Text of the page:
Picea rubens, generally called red spruce, is one of the more important coniferous trees in the northeastern United States and adjacent Canada. Also called yellow spruce, West Virginia spruce, eastern spruce, and he-balsam, it is a medium-size tree that may grow to be more than 400 years old. Red spruce wood is used for making paper, for construction lumber, and for musical stringed instruments. Its many uses rival those of eastern white pine (Pinus strobus).
The range of red spruce extends from the Maritime Provinces of Canada west to Maine, southern Quebec, and southeastern Ontario, and south into central New York, eastern Pennsylvania, northern New Jersey, and Massachusetts. It also grows south along the Appalachian Mountains in extreme western Maryland, and eastern West Virginia, and north and west in Virginia, western North Carolina, and eastern Tennessee.
Red spruce sometimes occurs in pure stands, and is a major component of several forest types, or it may be found mixed with other conifers and hardwoods. Its shallow root system, thin bark, and flammable needles make trees of all ages very susceptible to fire damage. The acreage of red spruce originally present in the southern Appalachians has been reduced to a fraction of what it once was by fire and clear cutting; it is also susceptible to damage from acid rain.
The most important insect enemy of red spruce is the spruce budworm, Choristoneura fumiferana. Although red spruce is much less vulnerable to damage than balsam fir or white spruce, largely due to later bud flushing in the spring, much damage and mortality occur in stands containing large quantities of mature balsam fir.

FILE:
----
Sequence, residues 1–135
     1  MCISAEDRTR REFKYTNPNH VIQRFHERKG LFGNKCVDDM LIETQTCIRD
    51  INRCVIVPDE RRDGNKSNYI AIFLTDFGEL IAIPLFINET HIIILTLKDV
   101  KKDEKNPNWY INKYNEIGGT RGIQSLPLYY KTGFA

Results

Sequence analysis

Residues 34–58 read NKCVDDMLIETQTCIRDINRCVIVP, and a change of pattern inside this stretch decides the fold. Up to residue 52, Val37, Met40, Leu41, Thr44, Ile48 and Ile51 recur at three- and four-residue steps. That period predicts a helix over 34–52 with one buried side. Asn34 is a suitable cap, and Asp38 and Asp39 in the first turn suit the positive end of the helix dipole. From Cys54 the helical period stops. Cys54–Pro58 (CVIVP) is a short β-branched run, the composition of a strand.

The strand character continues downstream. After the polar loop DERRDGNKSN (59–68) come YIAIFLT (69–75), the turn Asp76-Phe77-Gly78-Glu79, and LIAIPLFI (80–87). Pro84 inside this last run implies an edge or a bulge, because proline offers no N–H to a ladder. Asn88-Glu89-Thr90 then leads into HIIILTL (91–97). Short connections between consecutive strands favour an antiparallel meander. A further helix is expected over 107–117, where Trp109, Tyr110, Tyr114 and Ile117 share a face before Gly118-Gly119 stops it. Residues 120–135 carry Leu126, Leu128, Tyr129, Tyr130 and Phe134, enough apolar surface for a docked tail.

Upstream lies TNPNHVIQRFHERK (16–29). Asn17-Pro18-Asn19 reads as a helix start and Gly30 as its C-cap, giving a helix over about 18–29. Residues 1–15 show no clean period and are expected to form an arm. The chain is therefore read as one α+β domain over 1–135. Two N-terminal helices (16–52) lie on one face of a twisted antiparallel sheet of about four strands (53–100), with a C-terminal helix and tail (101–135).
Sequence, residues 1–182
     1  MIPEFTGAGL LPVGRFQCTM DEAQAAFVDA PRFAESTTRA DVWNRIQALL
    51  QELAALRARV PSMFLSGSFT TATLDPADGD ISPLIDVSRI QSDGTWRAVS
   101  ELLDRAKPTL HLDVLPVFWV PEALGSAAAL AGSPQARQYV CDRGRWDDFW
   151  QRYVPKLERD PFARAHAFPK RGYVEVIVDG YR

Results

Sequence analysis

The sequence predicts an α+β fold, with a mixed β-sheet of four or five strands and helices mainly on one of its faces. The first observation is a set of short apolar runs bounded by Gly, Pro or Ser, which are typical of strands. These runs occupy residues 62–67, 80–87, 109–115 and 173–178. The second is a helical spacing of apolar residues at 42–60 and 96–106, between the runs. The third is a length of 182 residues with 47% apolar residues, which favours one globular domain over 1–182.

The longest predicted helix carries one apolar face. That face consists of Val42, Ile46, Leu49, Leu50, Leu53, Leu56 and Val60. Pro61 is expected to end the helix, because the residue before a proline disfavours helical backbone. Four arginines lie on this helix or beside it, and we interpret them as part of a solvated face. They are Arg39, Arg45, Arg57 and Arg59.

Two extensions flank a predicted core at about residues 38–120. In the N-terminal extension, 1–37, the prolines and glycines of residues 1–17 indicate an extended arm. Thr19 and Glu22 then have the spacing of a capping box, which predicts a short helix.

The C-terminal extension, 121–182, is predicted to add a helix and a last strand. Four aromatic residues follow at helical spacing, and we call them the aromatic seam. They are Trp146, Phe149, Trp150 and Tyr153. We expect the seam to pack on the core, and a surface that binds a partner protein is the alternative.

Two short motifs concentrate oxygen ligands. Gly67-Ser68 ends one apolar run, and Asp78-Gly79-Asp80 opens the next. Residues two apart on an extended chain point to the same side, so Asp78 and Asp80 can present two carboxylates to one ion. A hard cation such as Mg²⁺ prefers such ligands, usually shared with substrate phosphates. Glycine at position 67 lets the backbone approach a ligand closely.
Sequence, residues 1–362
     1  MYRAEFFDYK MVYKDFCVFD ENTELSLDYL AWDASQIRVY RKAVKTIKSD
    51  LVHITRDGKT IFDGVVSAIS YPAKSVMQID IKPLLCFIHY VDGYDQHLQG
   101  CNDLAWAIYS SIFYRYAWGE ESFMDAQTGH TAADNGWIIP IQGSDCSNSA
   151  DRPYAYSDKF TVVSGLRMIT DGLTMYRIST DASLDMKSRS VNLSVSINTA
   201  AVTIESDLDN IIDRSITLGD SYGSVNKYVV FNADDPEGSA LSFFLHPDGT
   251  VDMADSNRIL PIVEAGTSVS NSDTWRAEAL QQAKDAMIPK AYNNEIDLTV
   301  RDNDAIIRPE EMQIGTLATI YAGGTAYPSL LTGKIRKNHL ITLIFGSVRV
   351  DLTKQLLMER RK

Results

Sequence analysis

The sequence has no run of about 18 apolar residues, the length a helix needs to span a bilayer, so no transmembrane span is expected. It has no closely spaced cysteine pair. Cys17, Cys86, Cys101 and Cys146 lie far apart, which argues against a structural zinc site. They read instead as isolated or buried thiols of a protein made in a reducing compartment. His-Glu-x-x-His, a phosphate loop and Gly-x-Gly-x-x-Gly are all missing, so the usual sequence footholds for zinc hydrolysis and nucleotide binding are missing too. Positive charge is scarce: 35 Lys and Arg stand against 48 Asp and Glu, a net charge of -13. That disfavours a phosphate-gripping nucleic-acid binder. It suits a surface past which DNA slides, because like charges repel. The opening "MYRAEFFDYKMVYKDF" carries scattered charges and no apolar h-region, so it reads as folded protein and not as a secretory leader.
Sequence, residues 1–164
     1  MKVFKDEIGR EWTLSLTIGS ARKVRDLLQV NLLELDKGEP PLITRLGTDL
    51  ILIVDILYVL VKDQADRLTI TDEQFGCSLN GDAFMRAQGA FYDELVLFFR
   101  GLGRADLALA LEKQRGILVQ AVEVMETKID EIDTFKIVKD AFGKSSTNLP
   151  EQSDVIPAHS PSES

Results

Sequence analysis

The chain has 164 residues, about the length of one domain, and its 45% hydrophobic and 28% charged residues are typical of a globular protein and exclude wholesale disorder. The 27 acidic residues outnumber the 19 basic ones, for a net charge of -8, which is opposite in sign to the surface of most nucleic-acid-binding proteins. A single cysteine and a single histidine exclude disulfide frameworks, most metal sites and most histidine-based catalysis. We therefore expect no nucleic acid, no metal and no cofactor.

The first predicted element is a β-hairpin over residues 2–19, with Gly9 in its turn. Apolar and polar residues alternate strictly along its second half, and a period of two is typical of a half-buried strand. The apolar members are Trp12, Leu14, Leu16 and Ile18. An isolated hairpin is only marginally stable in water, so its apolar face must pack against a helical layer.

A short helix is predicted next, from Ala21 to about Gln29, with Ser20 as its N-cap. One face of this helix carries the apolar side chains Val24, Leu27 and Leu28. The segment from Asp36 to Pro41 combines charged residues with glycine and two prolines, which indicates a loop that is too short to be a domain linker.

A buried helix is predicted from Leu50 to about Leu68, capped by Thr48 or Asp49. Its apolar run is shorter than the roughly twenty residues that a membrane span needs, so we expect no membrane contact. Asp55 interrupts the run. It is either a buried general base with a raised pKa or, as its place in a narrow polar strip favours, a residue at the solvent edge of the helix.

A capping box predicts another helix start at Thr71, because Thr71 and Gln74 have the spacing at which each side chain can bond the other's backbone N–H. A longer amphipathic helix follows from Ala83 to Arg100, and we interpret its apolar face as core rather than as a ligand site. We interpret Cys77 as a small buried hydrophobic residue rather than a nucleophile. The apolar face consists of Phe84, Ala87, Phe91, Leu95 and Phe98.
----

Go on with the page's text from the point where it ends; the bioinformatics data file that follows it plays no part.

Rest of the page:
Red spruce wood is light in color and weight, straight-grained, and resilient. The wood of red spruce, white spruce (Picea glauca), and black spruce (Picea mariana) cannot be distinguished with certainty by either gross characteristics or minute anatomy, and all three are usually marketed simply as eastern spruce. Chief uses are for lumber and pulpwood, with limited amounts going into poles piling, boatbuilding stock, and cooperage stock. Flakeboard and plywood have been made from spruce in recent years. It is also the preferred wood for piano sounding boards, guitars, mandolins, organ pipes, and violin bellies. A unique use of red spruce was spruce gum, an exudate that accumulates on trunk wounds. This was the raw material for a flourishing chewing-gum industry in Maine during the last half of the 19th century and early years of this century.
Forests with red spruce support diverse wildlife, including many songbirds, ruffed grouse, snowshoe hare, and woodcock, and provide important winter cover for deer and moose. Bird, porcupines, bears, deer, yellow-bellied sapsuckers, and red squirrels all browse or eat various parts of the trees, included twigs, foliage, and vegetative and reproductive buds. Mice and voles consume and store significant amounts of spruce seeds in preference to those of balsam fir, suggesting one reason for the low ratio of spruce to fir seedlings commonly found in naturally regenerated stands.
Excerpted and edited from Blum 1990.
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